Boeing, Northrop and the power of competitive procurement

Supply Management reports that Northrop Grumman and their European partner EADS have pulled out of a US Department of Defense $35 billion contract for a fleet of 'air tankers'.

This has been a tortuous procurement; in 2004, Boeing was awarded a contract, which was rescinded after an ethics scandal.  The competition was re-tendered and won by Northrop-EADS in 2008, only for Boeing to protest successfully, claimimng errors in the procurement process. This time, Northrop say that, under current rules, their larger A330 tanker could not win.

I don't know enough to comment on the detailed rights and wrongs of this, but you would have thought an output based specification was possible here to create a level playing field .  And there is no doubt that this will have a real cost to the US taxpayer; one of the very few things I have learnt as being undeniably true through my 25 years in business is this;  COMPETITION IS A GOOD THING.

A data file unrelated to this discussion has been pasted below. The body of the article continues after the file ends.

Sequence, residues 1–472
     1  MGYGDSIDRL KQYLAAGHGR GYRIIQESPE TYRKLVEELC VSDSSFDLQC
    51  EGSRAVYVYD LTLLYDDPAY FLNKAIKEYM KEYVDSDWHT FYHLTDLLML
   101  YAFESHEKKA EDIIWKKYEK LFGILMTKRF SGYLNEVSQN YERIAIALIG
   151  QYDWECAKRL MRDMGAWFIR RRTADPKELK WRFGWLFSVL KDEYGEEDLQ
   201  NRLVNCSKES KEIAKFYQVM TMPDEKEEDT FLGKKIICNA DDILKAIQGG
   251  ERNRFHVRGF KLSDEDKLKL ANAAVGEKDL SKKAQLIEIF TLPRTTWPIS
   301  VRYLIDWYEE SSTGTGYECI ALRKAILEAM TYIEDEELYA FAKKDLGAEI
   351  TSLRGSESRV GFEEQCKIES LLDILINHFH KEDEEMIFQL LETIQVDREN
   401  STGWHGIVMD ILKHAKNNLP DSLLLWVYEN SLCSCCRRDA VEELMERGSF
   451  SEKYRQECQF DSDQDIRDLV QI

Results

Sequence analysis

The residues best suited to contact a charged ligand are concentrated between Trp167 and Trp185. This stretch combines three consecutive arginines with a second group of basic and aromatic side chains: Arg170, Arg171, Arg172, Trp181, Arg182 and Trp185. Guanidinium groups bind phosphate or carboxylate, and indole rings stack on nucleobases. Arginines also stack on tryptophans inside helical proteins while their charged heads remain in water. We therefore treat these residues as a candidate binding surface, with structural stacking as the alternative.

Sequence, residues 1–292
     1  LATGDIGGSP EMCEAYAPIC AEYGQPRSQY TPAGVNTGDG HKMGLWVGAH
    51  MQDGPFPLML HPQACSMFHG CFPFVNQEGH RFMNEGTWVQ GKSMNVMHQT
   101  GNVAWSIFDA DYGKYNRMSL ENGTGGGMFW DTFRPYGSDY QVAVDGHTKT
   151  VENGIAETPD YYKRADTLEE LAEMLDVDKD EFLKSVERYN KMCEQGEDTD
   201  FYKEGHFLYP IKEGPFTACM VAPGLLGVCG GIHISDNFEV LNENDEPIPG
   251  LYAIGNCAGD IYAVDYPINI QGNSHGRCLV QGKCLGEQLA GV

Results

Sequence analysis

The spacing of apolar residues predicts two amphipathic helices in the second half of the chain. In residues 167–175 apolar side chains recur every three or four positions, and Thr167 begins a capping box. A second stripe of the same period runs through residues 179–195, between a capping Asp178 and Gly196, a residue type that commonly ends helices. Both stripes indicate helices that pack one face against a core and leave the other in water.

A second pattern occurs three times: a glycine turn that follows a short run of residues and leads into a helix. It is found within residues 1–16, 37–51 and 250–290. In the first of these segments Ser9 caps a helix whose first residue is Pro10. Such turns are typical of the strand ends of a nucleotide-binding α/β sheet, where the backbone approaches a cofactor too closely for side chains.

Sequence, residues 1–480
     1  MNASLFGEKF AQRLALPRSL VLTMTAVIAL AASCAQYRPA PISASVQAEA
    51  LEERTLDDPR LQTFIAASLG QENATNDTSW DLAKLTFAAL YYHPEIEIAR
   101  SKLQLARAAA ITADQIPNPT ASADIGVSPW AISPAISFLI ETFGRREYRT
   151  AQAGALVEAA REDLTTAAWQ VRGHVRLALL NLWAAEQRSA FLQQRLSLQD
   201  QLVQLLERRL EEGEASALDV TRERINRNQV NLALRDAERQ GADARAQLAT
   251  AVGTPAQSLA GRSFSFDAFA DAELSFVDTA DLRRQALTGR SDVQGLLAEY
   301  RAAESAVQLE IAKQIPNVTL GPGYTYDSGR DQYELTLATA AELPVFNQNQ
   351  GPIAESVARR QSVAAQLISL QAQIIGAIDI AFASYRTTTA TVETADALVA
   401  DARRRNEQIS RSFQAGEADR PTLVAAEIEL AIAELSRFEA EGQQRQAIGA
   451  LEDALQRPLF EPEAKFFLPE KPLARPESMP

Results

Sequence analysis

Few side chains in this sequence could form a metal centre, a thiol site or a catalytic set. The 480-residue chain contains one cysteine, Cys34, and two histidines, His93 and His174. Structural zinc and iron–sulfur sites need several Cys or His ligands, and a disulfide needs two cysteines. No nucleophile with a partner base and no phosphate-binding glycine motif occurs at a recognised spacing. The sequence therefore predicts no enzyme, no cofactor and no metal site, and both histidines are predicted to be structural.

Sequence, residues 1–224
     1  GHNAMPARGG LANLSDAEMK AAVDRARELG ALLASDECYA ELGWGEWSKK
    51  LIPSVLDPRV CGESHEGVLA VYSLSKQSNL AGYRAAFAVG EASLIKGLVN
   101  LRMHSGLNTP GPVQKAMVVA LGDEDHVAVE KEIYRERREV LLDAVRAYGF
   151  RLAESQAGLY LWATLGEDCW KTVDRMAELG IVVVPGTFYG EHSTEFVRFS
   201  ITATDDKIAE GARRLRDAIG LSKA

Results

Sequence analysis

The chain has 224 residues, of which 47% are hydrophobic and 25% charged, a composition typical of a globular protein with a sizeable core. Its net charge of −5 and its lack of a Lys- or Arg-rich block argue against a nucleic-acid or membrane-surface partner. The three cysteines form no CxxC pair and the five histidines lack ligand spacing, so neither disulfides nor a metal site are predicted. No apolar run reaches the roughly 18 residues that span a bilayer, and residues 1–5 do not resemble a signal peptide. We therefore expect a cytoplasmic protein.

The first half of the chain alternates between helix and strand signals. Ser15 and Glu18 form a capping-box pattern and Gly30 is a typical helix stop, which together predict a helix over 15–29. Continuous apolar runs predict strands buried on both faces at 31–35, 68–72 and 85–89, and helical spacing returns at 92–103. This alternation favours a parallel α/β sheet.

But before we in the UK get too self-congratulatory, here is a Chief Exec of a  UK public sector organisation, commenting a little while ago when the third of four short-listed suppliers dropped out of a very important competition before final bid stage; he said the only bidder left was "an exceptionally strong bidder and we are making excellent progress".

That bidder has now been awarded the contract.  I do hope it is a good one....and it may well be. But would it have been better if they'd had that competitive pressure right up to decision point?  Of course it would.

Share on Procurious

Discuss this:

Your email address will not be published. Required fields are marked *

This site uses Akismet to reduce spam. Learn how your comment data is processed.